Value for money – today’s mantra

Slovakia’s recently elected centre-right government decided not to pursue the PPP route for a €3.3bn stretch of highway after complaining on the campaign trail that the project was too expensive.

Newly elected governments across Europe are making good on all those value for money promises they made on the campaign trail – and public-private partnerships (PPPs) have not proven immune to the cost cutting.
The first big blow for European PPPs came in July, when the UK’s new coalition government cancelled the £55 billion (€66 billion, $83 billion) Building Schools for the Future programme, a significant part of which was being procured through PPPs.
This week, Slovakia’s recently elected centre-right government landed the second major blow, letting the axe fall on the €3.3 billion first stretch of the D1 highway by choosing not to extend the financial close deadline for the road beyond August 30.
For the sponsors and roughly 20 banks that were said to have been on standby to close the deal, the government’s refusal to continue negotiations must have been a disappointment.  But the decision can hardly be considered unexpected. After all, the parties that are now part of Slovakia’s centre-right coalition government had made their opposition to the road PPP loud and clear during the election campaign. Their main complaint – as you might have guessed – had to do with value for money.
According to their estimates, the PPP model had inflated the cost of the first stretch of the D1 by €546 million, with several suggesting it would be cheaper to fund the highway from the public balance sheet. The D1 PPP, like all availability based projects, would still be funded from the taxpayer’s pocket, although the expense would be amortised over a period of 30 years.
In fact, opposition to the D1 PPP grew so vociferous during the campaign that one of the parties threatened the previous government with legal action if it rushed the road project to financial close before the elections took place.
Ironically, the D1’s cancelation comes exactly one year after another Slovakian road PPP – the €1.8 billion R1 – reached financial close in what would turn out to be one of 2009’s biggest deals. But it was precisely the way in which the R1 closed that sowed the seeds for the demise of the D1 project.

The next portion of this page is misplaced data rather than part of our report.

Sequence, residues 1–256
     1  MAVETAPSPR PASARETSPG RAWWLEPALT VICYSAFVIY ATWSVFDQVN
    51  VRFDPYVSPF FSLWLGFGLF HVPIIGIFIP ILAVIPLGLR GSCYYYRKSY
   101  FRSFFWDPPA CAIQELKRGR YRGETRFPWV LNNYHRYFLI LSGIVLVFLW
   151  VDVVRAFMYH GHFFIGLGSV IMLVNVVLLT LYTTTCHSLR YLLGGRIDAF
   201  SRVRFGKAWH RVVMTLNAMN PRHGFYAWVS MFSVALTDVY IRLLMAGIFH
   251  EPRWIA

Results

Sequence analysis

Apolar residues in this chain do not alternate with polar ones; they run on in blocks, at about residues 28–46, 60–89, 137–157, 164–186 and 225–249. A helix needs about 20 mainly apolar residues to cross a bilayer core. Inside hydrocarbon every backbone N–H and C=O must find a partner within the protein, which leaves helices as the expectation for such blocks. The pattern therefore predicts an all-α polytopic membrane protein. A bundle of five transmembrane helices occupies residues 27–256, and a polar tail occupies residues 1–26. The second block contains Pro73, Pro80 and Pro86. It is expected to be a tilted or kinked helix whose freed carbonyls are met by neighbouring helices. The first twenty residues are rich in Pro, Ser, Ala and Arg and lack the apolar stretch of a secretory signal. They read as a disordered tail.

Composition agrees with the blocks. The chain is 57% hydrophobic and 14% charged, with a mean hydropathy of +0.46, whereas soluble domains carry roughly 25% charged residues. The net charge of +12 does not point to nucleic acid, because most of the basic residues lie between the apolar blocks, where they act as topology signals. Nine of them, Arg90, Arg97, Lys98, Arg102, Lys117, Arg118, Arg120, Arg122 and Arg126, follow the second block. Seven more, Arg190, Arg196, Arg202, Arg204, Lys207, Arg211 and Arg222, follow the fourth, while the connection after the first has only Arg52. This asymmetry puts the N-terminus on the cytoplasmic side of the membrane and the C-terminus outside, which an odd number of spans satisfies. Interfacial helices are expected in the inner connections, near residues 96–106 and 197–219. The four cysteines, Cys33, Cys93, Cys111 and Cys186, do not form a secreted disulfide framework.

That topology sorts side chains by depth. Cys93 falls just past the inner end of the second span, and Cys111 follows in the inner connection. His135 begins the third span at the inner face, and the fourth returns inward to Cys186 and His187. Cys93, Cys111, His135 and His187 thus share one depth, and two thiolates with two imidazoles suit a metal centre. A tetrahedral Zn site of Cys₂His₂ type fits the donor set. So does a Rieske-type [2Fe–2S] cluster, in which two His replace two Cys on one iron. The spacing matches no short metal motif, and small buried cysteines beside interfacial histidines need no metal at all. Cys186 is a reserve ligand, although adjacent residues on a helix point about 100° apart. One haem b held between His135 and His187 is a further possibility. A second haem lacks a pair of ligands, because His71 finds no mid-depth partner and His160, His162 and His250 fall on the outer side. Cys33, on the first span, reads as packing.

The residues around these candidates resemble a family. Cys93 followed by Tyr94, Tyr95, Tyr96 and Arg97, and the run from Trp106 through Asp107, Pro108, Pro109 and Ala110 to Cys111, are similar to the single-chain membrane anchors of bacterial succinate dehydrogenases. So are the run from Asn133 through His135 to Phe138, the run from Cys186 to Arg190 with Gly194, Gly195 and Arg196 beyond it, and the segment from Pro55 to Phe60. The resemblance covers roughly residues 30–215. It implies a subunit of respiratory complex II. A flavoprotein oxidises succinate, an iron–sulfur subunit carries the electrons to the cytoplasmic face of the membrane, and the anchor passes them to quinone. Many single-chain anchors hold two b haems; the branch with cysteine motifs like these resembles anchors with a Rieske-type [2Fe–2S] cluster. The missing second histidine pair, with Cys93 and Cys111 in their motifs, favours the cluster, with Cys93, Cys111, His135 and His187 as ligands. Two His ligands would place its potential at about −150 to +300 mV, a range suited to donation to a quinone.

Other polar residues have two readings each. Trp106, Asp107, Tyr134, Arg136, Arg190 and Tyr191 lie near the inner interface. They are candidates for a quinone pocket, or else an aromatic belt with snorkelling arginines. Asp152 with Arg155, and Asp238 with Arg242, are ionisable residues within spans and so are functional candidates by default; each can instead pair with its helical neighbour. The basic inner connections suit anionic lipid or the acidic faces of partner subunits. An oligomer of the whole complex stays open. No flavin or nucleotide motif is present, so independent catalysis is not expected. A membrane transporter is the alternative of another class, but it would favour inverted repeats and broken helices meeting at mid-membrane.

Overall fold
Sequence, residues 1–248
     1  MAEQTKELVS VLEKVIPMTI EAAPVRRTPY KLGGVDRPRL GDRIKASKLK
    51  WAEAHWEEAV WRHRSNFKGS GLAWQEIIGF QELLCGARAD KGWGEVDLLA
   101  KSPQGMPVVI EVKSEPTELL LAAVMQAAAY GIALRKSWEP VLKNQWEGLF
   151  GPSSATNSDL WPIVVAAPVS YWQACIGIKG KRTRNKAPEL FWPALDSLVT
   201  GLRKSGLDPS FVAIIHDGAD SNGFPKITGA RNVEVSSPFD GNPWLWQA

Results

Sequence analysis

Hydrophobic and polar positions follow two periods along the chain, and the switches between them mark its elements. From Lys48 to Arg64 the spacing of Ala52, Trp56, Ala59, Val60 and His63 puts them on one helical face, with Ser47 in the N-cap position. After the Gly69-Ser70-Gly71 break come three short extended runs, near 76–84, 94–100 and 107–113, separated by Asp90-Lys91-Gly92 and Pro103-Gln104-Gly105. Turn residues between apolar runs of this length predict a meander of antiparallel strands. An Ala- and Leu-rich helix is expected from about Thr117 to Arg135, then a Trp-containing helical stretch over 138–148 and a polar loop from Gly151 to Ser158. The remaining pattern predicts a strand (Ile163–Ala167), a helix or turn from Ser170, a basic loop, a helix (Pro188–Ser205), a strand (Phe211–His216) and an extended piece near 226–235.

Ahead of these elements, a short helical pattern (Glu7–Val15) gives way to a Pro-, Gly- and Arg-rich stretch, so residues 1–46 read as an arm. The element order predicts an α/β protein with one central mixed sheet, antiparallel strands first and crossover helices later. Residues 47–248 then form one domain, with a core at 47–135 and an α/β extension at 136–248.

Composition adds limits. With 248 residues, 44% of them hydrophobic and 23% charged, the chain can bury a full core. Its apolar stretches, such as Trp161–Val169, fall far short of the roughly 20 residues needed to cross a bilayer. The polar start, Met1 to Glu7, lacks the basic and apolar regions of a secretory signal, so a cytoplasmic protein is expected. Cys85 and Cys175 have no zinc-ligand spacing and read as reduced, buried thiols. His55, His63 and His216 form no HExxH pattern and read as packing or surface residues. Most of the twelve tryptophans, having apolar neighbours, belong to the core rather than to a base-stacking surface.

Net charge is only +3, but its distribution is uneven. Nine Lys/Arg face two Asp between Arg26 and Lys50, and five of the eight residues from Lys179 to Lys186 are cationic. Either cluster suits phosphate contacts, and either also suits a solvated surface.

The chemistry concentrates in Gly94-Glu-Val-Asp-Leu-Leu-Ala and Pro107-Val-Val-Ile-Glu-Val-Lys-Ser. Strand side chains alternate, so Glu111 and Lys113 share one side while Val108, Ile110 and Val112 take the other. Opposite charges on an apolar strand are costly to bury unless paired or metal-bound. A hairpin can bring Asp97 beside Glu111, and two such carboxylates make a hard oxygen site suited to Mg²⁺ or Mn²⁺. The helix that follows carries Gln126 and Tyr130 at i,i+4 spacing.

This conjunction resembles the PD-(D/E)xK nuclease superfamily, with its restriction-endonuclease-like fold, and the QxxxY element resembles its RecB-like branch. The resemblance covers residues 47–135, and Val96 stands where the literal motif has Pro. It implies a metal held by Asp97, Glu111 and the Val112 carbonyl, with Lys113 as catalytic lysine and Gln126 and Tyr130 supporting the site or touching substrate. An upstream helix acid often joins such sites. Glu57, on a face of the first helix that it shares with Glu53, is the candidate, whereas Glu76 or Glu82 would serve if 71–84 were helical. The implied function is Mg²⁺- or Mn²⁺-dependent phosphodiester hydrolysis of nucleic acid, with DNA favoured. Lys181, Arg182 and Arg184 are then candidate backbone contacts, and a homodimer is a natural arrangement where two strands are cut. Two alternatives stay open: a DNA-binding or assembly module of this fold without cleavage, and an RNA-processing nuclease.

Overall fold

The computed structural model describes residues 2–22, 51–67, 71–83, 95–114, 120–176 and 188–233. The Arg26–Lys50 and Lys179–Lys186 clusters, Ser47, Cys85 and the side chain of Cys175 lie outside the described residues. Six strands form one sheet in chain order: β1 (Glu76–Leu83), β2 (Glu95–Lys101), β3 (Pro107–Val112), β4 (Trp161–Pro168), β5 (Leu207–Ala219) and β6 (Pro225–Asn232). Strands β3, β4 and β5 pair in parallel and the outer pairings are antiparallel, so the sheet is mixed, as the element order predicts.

To close the R1, the previous government caved in to commercial bank pressure for an increase in its availability payments and allowed the winning consortium to raise the R1’s net present value from €1.5 billion to €1.8 billion – a 25 percent increase – after it had already signed the concession contract.
That deterioration of conditions for the state struck a chord with Slovakia’s centre-right opposition, now in government, with transport minister Jan Figel saying that he is not against PPPs, but wants to make sure they bring “cheaper investment in infrastructure development and acceptable conditions for the state”.
Of course, Slovakia was not the only European country to have made extraordinary concessions in 2009 to make sure its PPPs kept reaching financial close. 
The UK’s National Audit Office recently concluded that PFI (the UK’s standardised PPP procurement process) deals struck in 2009 had been useful to stimulate the economy at the time, even though they had been costly to the public sector and involved less risk transference to the banks. However, the audit body pointed out that such deals would not necessarily represent value for money today.
And that, in a nutshell, is where the European PPP market now stands. Value for money is today’s mantra, with many governments no longer willing to go the extra mile to make sure their PPP projects reach financial close.
The tricky question going forward is how to find the right balance between value for money and bankability.